Aparna Rao, MBBS, Ph.D., worked as a postdoctoral fellow in the DeBerardinis lab for three years studying melanoma metabolism. She recently returned to Australia to finish her training as a medical oncologist at the Peter MacCallum Cancer Centre in. Earlier this week, she sat down and answered some questions about her time at CRI.
How did you end up at CRI?
During my Ph.D. studies, I started to study cancer metabolism, but all of my work was performed on cells in culture. As a clinician, I always had a sense that the best way to study metabolism would be to do this in an intact tumor from a patient but at the time, I didn’t have the knowledge or access to technology that would allow me to do this. When I first heard Professor Ralph DeBerardinis speak at a conference, I was inspired by the techniques he pioneered to study tumor metabolism in patients. His work and the opportunity to learn these exciting techniques in his lab were what made me seek out a position at CRI.
What will you miss most about your time here?
Without a doubt, most of all I will miss the people. CRI is such a rich and collaborative environment. It’s extraordinary to be surrounded by people who are so excited about science, and more importantly who are so friendly and supportive. During my time at CRI, I was constantly inspired by the people around me – it’s truly an amazing privilege to have met such wonderful colleagues who fast became such valued friends.
What is one lesson you learned at CRI that you’ll carry with you?
I came to CRI feeling like an imposter, particularly as a clinician with very minimal training in my chosen feel of study. With excellent mentorship, I have learned to believe in my ability to make a contribution and to harness my clinical experience in my research endeavours.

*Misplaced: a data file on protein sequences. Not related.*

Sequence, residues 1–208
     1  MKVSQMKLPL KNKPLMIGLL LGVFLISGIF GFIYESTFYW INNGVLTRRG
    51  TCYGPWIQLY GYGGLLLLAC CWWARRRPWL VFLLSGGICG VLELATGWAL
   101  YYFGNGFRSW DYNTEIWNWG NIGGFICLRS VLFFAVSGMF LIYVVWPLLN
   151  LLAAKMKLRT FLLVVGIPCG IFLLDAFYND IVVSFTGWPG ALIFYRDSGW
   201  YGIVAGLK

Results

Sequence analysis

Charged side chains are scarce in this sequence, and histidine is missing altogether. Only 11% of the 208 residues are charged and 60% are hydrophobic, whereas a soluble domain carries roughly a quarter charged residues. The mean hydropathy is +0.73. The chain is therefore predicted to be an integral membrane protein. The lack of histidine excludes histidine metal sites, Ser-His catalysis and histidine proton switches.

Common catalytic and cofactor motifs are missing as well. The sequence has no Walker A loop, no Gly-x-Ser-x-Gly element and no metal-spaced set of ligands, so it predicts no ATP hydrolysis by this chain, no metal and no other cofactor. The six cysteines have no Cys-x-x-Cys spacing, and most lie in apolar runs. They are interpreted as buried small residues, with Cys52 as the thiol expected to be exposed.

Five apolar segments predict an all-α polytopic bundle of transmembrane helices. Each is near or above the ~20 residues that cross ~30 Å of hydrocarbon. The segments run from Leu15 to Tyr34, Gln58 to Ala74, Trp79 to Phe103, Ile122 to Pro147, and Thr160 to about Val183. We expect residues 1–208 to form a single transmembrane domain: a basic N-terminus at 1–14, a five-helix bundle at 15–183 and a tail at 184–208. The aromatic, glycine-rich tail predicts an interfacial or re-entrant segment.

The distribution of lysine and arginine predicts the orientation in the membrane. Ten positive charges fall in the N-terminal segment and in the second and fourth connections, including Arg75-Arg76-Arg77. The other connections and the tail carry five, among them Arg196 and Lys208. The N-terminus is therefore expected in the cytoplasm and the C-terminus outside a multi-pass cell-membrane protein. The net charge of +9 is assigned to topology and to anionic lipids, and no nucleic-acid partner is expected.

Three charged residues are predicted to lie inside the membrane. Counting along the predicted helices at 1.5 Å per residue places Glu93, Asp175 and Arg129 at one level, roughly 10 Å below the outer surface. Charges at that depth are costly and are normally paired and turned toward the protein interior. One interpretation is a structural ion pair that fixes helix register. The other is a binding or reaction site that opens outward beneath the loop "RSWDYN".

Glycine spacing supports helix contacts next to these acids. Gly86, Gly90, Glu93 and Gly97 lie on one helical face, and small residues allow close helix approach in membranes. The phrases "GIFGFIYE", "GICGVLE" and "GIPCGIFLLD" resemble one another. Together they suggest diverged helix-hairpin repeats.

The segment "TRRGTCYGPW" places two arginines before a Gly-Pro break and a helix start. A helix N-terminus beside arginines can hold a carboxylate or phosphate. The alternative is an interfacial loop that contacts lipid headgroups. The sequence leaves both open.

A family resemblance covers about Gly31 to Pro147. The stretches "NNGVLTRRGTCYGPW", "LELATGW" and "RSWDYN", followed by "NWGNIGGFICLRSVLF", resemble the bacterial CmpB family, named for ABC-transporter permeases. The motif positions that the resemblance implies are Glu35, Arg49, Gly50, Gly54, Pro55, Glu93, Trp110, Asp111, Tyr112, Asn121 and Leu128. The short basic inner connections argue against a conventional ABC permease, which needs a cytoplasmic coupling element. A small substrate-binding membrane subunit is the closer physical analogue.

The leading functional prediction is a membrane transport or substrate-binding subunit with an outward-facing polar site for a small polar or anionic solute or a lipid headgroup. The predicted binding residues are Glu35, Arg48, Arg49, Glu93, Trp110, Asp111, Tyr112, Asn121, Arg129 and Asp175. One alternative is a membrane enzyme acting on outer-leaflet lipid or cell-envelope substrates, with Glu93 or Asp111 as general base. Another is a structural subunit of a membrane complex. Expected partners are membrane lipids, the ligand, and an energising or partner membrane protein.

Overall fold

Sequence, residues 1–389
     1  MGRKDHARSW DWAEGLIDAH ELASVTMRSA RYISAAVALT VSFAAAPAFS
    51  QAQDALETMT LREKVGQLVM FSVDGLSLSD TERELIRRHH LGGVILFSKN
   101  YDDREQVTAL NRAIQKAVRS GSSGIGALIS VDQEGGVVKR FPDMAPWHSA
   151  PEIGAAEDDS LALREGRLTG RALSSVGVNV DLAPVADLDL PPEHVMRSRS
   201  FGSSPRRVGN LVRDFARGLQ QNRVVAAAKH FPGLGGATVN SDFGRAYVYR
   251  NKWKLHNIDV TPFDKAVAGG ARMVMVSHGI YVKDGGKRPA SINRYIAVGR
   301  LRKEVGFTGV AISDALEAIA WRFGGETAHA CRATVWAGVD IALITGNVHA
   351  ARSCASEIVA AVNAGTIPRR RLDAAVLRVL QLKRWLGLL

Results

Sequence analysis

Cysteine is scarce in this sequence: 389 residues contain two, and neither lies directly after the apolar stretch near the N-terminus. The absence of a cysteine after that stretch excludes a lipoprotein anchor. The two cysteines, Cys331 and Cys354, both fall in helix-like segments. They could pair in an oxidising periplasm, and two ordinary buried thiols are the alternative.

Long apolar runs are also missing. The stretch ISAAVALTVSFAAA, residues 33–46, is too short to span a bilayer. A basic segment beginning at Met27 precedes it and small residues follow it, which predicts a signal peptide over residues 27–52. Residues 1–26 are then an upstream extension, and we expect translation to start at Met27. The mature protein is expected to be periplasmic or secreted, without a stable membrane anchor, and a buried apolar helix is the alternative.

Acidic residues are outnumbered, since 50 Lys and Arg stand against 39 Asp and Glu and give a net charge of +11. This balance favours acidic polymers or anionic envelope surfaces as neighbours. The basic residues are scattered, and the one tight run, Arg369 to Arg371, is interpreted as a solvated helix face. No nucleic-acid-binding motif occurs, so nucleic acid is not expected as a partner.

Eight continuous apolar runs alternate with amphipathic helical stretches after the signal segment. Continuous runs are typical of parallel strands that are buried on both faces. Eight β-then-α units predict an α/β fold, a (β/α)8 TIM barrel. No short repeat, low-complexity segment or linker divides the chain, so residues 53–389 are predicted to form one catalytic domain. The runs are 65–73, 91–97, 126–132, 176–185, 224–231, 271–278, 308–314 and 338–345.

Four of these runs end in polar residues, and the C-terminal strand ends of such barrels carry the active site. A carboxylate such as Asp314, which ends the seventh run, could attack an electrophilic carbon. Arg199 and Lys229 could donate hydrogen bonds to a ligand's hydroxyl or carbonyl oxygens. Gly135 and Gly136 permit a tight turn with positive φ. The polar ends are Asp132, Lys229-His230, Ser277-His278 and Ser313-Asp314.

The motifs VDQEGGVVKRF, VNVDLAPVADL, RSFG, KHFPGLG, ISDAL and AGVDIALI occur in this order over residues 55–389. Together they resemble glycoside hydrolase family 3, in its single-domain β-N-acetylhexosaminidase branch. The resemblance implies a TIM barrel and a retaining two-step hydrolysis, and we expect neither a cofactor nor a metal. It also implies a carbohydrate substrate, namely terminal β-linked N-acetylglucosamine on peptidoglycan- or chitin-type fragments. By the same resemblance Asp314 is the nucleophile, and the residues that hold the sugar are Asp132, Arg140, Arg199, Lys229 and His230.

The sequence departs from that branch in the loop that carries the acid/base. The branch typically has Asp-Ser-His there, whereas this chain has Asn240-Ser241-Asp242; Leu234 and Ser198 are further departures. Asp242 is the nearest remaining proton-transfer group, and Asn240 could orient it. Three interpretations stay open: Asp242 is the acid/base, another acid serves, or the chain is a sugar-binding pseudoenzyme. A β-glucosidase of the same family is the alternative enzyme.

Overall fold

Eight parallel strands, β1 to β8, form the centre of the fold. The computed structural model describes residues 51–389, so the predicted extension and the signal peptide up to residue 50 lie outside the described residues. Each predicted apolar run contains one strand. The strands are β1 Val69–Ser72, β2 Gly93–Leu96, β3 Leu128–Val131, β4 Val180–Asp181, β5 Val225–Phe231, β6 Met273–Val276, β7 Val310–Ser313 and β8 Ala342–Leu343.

Who or what inspired you?
Ultimately, the work that I do has been inspired by patients and their families that I’ve had the privilege of meeting through my clinical training and practice. Every one of them who asked me if I knew whether they would respond to a particular treatment or why their treatment wasn’t working left me with a sense that there is still so much unanswered in the field of cancer research. I have particularly been inspired by the patients who with tremendous grace and courage faced a time when therapies were no longer effective. I’m particularly driven by their memory and the need to do better for patients that will come after them.
What’s your favorite spot at CRI?
While I’ve been truly blown away by the facilities (particularly the metabolomics core and the infusion room), it’s strange to say but my favorite spot was probably the kitchen outside the DeBerardinis lab. Some of my fondest memories are of the talks had over a cup of tea or lunch in this area. I can recall countless conversations there about science and metabolism (that sometimes included spontaneous drawings of metabolic pathways on the whiteboard!) that have broadened my knowledge and made me think about different approaches for my own work. And of course, just lots of friendly and entertaining moments. It really links to what I’ll miss most about the CRI, which is the people!